Archive for the ‘Blogging’ Category
Obama’s set to announce his healthcare reform plans this week. When he does, my blogging activity will surely pickup.
My year-end real life responsibilities are getting wrapped up. With that the 60 hour work weeks will soon be over. I wonder how skewed our worldview is because of self-censoring: those of us with real jobs and real families are surely less likely to contribute to the cacaphony.
Tomorrow I travel to meet with some actuaries modeling healthcare reform. I’ll be back by Thursday when I hope to establish a much more regular posting pattern.
No matter, done is done is done. My remaining tasks to attain Fellowship in the Society of Actuaries are few. I have a “capstone module” experience and I need to sit for the Fellowship admissions course. If all goes as planned, I’ll be a Fellow on December 12.
It took an embarrassingly long time for me to complete all the examinations; I’m now entering my sixth year since I started. I lost some motivation during the “exam transition”. I also got married, bought a house, had a kid, am awaiting another kid, ran the Pike’s Peak Marathon twice, resumed my piano playing, and gained about 20 pounds of flab around my middle (after the aforementioned Pike’s Peak Marathons).
Been a busy six years. And fun … aside from studying periodically.
A public thanks to my beautiful and talented wife (BTW) for putting up with me. I’ll now have to find a new excuse to avoid chores. Let’s try one … “honey, I can’t change Charlie’s diaper because I’m writing a blog post” … think that will work?
Next month I will blog on the upcoming Society of Actuaries’ 2008 Health Spring Meeting . The actuarial role in healthcare financing is often overlooked. I’ll have commentary on the some of the health policy issues addressed in this conference. Len Nichols from the New America Foundation and Lawrence Gostin from Georgetown University will be two of the keynote speakers, talking about domestic and global healthcare reform efforts, respectively.
For those of an actuarial mindset, I’ll also be attending two of the valuation sessions, but will likely eschew blogging on them. For work-related reasons, I’ll also be at the Pandemic Flu session and the Disease Management Outcome measurement session.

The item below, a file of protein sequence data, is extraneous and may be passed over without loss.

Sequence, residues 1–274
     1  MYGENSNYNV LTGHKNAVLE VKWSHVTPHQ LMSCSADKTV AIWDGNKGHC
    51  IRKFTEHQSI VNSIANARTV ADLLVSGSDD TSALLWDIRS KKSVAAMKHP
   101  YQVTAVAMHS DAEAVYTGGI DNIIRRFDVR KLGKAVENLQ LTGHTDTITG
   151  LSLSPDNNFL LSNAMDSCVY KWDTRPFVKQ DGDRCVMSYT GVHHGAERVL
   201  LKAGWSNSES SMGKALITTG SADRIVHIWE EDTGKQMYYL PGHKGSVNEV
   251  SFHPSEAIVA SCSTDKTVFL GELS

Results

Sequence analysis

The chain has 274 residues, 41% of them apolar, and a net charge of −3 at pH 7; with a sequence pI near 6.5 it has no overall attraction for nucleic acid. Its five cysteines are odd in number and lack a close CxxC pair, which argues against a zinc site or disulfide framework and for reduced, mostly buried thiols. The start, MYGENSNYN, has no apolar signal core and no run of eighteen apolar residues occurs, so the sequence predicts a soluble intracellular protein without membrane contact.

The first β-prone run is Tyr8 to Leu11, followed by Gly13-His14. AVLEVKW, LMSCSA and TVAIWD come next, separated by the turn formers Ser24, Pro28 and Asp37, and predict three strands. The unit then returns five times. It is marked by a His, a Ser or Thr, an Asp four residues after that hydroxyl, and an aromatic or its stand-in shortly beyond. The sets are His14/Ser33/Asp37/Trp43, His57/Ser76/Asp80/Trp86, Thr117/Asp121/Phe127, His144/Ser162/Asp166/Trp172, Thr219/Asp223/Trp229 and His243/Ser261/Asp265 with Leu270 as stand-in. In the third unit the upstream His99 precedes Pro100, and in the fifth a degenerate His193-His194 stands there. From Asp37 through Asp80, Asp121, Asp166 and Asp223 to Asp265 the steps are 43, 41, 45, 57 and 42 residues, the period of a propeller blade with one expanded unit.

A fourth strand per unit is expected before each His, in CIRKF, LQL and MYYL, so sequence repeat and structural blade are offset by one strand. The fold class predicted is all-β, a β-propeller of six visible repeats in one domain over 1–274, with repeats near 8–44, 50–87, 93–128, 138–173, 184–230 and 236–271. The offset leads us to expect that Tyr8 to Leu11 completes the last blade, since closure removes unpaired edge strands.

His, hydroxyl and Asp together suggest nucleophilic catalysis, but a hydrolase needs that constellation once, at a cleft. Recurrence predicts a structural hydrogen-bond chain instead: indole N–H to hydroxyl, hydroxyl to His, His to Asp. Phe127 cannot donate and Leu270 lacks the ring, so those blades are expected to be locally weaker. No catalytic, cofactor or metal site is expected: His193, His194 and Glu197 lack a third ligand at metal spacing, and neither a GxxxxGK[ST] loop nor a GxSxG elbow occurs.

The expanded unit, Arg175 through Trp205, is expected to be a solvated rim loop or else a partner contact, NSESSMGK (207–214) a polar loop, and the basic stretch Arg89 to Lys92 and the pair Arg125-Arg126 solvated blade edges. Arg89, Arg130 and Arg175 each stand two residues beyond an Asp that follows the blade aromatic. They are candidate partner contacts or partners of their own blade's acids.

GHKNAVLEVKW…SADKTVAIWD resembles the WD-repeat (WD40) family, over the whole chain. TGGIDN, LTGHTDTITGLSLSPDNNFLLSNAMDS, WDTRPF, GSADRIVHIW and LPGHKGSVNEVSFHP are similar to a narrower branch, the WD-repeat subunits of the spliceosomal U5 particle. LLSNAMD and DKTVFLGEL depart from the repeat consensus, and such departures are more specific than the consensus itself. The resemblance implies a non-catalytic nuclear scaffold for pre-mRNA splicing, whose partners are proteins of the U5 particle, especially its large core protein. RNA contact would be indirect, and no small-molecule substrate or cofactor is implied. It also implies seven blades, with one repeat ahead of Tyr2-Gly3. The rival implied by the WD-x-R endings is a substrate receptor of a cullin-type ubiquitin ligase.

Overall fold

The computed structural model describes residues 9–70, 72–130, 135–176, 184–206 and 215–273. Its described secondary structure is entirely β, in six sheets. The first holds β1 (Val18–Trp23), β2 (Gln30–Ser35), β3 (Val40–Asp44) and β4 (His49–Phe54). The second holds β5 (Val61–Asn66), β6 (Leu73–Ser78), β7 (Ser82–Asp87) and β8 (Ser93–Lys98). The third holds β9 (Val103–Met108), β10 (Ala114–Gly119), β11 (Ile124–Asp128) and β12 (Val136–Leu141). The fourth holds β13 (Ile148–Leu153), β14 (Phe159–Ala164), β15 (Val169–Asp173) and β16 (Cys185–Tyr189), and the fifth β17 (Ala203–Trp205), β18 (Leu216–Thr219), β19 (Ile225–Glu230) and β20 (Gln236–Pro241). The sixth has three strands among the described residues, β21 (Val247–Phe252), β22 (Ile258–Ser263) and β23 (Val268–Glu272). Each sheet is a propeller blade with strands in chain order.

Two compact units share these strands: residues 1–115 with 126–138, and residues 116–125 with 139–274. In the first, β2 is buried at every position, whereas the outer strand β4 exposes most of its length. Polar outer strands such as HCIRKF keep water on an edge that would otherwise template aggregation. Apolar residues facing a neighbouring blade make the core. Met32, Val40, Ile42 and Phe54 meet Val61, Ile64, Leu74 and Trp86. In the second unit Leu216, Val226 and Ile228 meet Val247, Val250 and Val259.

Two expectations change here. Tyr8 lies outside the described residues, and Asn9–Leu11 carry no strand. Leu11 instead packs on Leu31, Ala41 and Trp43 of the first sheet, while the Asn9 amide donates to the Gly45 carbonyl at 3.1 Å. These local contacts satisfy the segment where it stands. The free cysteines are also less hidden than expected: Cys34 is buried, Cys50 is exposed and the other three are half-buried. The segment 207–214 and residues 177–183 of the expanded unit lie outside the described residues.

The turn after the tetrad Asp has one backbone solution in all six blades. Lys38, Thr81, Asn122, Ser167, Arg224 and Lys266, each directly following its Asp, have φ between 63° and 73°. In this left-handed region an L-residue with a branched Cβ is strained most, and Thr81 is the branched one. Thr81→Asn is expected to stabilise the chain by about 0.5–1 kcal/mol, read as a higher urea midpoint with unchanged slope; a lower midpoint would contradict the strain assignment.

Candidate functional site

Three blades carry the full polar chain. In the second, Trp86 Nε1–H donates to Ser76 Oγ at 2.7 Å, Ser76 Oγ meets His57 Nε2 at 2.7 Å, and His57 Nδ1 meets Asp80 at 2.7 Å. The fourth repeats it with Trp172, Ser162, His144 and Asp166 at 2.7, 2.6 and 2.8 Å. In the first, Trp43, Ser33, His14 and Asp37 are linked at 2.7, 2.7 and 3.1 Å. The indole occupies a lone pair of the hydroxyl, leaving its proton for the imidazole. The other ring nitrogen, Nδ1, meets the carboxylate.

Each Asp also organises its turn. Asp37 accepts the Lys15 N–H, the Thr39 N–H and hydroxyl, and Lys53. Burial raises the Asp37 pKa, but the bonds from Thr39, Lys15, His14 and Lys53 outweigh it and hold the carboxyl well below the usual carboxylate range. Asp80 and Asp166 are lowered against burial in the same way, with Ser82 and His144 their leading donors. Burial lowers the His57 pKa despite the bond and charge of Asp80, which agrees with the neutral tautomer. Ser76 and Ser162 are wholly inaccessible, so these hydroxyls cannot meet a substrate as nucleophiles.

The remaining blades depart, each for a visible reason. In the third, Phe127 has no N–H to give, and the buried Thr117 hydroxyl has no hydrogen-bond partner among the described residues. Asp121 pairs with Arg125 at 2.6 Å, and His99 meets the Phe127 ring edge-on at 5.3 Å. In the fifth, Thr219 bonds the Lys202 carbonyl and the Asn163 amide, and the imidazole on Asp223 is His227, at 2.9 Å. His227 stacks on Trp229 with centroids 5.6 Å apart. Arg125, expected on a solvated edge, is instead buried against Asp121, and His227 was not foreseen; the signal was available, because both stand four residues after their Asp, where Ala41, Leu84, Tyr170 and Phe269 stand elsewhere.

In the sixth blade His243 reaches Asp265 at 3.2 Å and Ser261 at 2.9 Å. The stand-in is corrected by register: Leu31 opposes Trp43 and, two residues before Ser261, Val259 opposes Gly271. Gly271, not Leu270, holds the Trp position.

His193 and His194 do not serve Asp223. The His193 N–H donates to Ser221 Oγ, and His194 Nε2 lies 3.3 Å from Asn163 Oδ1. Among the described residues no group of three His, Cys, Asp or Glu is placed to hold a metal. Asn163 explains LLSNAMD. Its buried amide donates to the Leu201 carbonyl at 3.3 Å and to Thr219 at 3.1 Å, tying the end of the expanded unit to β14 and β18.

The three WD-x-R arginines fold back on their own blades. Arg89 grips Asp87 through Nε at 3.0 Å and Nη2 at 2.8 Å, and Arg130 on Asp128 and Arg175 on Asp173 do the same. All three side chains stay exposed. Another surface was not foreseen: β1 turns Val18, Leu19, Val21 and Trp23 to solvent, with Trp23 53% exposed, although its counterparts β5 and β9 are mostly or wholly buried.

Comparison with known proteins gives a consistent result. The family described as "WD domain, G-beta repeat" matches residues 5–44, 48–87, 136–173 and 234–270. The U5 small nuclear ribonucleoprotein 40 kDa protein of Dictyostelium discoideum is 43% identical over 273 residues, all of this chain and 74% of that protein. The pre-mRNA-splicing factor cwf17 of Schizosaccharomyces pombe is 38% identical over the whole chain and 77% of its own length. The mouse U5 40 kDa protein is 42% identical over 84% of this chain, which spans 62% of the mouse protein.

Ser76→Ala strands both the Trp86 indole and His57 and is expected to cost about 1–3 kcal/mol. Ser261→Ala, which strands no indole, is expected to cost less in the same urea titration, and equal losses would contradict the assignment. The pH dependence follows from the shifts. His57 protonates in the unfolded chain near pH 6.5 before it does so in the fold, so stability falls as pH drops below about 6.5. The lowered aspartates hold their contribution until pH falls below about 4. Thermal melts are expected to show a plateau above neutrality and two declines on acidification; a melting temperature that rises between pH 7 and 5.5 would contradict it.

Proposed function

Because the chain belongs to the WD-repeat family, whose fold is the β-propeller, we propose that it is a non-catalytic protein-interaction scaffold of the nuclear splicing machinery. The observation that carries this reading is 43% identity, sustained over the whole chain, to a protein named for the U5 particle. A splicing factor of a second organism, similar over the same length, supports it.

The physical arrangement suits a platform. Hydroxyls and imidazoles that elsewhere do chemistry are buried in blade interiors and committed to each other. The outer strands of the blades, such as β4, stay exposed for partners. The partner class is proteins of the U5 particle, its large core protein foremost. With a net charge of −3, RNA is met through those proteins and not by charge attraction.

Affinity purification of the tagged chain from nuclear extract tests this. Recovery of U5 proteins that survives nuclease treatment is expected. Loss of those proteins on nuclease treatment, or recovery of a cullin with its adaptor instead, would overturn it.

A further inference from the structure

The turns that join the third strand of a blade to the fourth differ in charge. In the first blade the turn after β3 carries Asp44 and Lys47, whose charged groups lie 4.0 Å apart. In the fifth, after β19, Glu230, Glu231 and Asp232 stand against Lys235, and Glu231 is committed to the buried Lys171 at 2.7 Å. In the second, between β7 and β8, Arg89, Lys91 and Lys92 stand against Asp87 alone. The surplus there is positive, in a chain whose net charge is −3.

It will be a post-event blogging exercise since I’ll be at the conference with my family. The Beautiful and Talented Wife (BTW) and I will be road-tripping it from Little Rock to Los Angeles, hitting various Route 66 venues along the way. The Hyper and Hilarious Son (HHS) is our main concern, so we will be taking it slowly both “there and back again”.
Blogging will continue to be light here until early November. Until then, I recommend checking out Health Beat Blog. I don’t endorse their prescriptions for US healthcare reform. But I’ve found many of the posts to be informative and well-reasoned. They are worth reading if you agree, because they’ll shore up your knowledge base. And they are worth reading if you disagree, because you’ll see what you are up against. And you just might change your mind in the process.
A few recent posts I found especially interesting.
We Can’t Fund SCHIP, but we can save Merck … contrasts our willingness to buy into the Gardasil vaccine, while not coincidentally saving Merck, and (so far) choosing not to fully fund general coverage for the poor via SCHIP.
Universal Coverage – Why Massachusetts is the Last Place to Begin the Experiment This post cuts to the heart of healthcare costs and disparities. It also brings illuminating evidence regarding cultural and behavioral differences in healthcare consumption, worldwide. And it is tied all back to the universal coverage experiment going on in the state that hosts the Red Sox.
The Dangers of a “Zagat Guide” to Physicians. How do future patients ascertain the “quality” of their doctor? Choose which doctor to go to? This post addressed a specific effort by WellPoint to help provide information on these questions. Niko Karvounis nicely articulates an alternative viewpoint. Food for thought.
Now that I’ve steered my 2.6 readers to those interesting tidbits, I’ll get back to work.